Can poor countries afford to go green?

November 25, 2022 12:15 am | Updated 01:42 pm IST

A crude oil refinery in Kochi.

A crude oil refinery in Kochi. | Photo Credit: AP

The 27th United Nations Climate Change Conference (COP27) concluded on November 20 in Sharm el-Sheikh Egypt. Nearly 200 countries pledged to set up a ‘loss and damage fund’ to help vulnerable countries affected by climate change. Developing countries have welcomed this development, which has been a long-time demand. Developed nations, however, are not satisfied with the level of commitment that poor countries have shown towards cutting down greenhouse gas emissions and phasing out fossil fuels. In a discussion moderated by Prashanth Perumal J., Navroz Dubash and Tejal Kanitkar discuss issues surrounding the cost of going green. Edited excerpts:

What is the likely economic cost of climate change? How can poor countries weigh the cost of climate change against the economic cost of cutting down on fossil fuel use?

Navroz K. Dubash: It is well established that the cost of climate change impact is considerable to economies. As temperatures rise, the cost of not addressing climate change is likely to rise. There’s enough science to suggest that this cost is high. The question of weighing the relative costs of trying to mitigate climate change against the cost of climate change impact is more complex. We must not think about mitigation as a distinct thing, but instead think about the kinds of transitions that are required to bring about mitigation. For example, there is a shift towards lower emission energy systems around the world; that’s a technological shift and the cost of those technologies has decreased to the point where they are now more or less cost competitive with coal-fired power plants. It makes economic sense to invest in these technologies. But the transition is difficult and is going to be costly. I think that’s how we should frame this, not whether but how we have to get there, and also how those costs are borne.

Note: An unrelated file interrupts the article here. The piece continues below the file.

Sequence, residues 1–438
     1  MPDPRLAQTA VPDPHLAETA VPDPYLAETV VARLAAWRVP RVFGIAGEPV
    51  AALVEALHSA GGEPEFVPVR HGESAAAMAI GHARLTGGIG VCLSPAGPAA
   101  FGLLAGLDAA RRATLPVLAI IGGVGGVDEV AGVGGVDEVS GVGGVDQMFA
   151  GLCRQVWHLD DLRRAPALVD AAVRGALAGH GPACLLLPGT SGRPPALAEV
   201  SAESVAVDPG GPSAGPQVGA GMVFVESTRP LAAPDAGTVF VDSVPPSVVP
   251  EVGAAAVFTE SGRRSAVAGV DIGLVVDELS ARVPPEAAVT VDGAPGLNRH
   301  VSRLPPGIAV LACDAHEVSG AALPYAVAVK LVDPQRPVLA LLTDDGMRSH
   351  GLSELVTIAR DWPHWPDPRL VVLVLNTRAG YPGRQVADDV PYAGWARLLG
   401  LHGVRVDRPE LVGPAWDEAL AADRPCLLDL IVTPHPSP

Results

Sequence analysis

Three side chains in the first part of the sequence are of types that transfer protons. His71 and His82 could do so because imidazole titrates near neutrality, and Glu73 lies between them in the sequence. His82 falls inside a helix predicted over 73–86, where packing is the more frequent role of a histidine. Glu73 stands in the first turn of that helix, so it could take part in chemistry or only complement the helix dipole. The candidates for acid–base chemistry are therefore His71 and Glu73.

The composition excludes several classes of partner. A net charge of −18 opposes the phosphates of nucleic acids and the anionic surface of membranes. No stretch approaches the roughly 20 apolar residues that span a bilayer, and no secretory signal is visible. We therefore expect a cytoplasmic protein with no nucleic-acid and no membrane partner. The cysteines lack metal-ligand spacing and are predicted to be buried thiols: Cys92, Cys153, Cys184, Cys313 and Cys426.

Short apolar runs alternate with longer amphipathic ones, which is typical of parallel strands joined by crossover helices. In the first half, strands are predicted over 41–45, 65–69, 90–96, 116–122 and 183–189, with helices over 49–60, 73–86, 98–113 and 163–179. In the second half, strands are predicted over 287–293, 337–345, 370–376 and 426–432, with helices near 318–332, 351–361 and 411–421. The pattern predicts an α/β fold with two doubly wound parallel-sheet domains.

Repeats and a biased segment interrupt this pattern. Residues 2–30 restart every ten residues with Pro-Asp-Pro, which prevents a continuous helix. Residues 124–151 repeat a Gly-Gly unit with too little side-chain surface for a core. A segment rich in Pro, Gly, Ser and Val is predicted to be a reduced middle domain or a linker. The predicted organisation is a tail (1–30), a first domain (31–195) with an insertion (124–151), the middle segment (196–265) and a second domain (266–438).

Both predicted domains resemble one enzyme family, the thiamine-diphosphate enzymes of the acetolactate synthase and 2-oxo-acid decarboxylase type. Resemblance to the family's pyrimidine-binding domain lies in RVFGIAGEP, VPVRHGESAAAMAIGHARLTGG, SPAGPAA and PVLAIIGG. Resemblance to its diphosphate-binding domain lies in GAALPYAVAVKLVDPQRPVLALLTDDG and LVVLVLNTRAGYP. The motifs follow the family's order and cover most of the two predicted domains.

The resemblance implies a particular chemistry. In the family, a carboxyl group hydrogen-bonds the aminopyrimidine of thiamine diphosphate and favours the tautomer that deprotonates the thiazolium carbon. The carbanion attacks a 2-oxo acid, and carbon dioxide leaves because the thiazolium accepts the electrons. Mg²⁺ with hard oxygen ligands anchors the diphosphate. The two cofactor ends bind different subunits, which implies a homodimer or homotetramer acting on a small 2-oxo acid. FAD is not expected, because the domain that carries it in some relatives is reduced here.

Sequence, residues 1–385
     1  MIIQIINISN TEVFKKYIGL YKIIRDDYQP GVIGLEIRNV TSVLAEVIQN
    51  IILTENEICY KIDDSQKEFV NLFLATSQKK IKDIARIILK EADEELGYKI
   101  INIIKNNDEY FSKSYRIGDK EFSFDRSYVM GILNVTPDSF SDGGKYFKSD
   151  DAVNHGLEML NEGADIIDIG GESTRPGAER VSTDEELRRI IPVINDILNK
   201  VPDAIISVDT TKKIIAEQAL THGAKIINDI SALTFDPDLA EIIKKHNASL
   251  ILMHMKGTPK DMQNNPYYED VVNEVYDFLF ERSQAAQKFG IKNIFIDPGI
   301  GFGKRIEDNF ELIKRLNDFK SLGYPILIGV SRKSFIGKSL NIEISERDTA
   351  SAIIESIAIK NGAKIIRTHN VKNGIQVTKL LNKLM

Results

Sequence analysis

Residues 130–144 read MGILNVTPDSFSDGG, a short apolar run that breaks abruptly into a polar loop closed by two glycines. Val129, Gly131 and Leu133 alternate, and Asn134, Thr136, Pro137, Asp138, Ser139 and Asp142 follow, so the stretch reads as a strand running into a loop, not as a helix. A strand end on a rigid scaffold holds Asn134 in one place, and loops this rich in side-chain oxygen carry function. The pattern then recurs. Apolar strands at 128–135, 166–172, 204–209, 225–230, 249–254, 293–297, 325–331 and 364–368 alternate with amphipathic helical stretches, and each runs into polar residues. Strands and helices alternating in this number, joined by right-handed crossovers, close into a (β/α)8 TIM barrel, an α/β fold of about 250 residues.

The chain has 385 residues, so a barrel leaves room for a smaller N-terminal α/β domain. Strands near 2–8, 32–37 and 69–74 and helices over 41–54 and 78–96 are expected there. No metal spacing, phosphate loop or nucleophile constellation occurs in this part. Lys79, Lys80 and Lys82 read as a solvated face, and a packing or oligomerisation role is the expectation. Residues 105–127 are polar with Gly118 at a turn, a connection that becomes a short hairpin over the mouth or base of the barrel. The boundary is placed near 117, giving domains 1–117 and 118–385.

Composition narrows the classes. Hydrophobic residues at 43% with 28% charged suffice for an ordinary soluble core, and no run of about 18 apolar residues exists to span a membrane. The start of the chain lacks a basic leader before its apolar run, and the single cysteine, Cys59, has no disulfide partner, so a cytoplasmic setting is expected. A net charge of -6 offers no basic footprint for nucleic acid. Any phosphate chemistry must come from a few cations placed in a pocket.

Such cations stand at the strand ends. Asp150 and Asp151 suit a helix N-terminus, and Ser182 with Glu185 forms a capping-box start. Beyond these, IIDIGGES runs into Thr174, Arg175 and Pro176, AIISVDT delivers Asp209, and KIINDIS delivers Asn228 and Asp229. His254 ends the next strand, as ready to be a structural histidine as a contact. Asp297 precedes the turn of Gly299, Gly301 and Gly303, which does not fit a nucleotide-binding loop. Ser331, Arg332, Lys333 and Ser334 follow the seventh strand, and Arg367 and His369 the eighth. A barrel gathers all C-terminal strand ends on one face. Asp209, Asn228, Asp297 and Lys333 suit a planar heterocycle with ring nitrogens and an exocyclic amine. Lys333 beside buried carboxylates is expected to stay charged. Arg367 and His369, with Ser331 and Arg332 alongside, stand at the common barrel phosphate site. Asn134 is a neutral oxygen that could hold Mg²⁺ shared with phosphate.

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Tejal Kanitkar: First, are the costs of the fight against climate change high? Yes. The fight is long and includes not just mitigation costs. Often the focus is solely on estimates for the cost of mitigation. Many of these estimates are speculative, and we can err on either side. For example, even 15 years ago, we could not have anticipated the sharp drop in solar prices that we’re seeing today. However, what makes the fight against climate change much harder is that for developing countries, much of our infrastructure is yet to be built. How possible is it to build this with just renewable energy technologies? There is a discourse around the opportunity offered by renewable energy that downplays the serious trade-offs that exist in moving away from known technology too soon.

Is it fair to expect developing countries to reach the per capita income levels of developed countries with the use of renewable energy?